Background: Attention deficit hyperactivity disorder (ADHD) is a prevalent neurodevelopmental disorder that can
negatively impact on an individual’s quality of life. It is pathophysiologically complex and heterogeneous with
different neuropsychological processes being impaired in different individuals. Executive function deficits, including
those affecting attention, working memory and inhibitory control, are common. Cognitive training has been promoted
as a treatment option, based on the notion that by strengthening the neurocognitive networks underlying these
executive processes, ADHD symptoms will also be reduced. However, if implemented in childhood or later, when the
full disorder has become well-established, cognitive training has only limited value. INTERSTAARS is a trial designed to
test a novel approach to intervention, in which cognitive training is implemented early in development, before the
emergence of the disorder. The aim of INTERSTAARS is to train early executive skills, thereby increasing resilience and
reducing later ADHD symptoms and associated impairment.
Methods/design: Fifty 10–14-month-old infants at familial risk of ADHD will participate in INTERSTAARS. Infants
will be randomised to an intervention or a control group. The intervention aims to train early attention skills
by using novel eye-tracking technology and gaze-contingent training paradigms. Infants view animated games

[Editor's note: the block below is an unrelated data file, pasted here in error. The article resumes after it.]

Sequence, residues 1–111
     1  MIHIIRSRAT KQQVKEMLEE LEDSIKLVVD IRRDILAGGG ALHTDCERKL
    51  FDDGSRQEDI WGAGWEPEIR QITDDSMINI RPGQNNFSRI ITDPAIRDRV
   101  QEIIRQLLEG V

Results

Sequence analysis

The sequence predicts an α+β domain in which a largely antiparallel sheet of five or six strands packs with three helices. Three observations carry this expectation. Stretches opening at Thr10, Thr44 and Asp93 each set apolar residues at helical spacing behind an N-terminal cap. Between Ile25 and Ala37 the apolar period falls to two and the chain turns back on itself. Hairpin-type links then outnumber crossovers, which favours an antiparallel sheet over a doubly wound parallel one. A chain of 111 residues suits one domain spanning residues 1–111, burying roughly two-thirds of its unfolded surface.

on a screen and different events take place contingent on where on the screen the infant is looking. Infants
allocated to the intervention will receive nine weekly home-based attention training sessions. Control group
infants will also receive nine weekly home visits, but instead of viewing the training games during these visits
they will view non-gaze-contingent age-appropriate videos. At baseline and post treatment, infant attention
control will be assessed using a range of eye-tracking, observational, parent-report and neurophysiological
measures. The primary outcome will be a composite of eye-tracking tasks used to assess infant attention skills.
Follow-up data will be collected on emerging ADHD symptoms when the infants are 2 and 3 years old.
Discussion: This is the first randomised controlled trial to assess the potential efficacy of cognitive training as
a prevention measure for infants at familial risk of ADHD. If successful, INTERSTAARS could offer a promising
new approach for developing early interventions for ADHD.

First evidence of the feasibility of gaze-contingent attention training for school children with autism.

Powell, G., Wass, S. V., Erichsen, J. T., & Leekam, S. R. 2016. Autism

A number of authors have suggested that attention control may be a suitable target for cognitive training in children with autism spectrum disorder. This study provided the first evidence of the feasibility of such training using a battery of tasks intended to target visual attentional control in children with autism spectrum disorder within school-based settings. Twenty-seven children were recruited and randomly assigned to either training or an active control group. Of these, 19 completed the initial assessment, and 17 (9 trained and 8 control) completed all subsequent training sessions. Training of 120 min was administered per participant, spread over six sessions (on average). Compliance with the training tasks was generally high, and evidence of within-task training improvements was found. A number of untrained tasks to assess transfer of training effects were administered pre- and post-training. Changes in the trained group were assessed relative to an active control group. Following training, significant and selective changes in visual sustained attention were observed. Trend training effects were also noted on disengaging visual attention, but no convincing evidence of transfer was found to non-trained assessments of saccadic reaction time and anticipatory looking. Directions for future development and refinement of these new training techniques are discussed.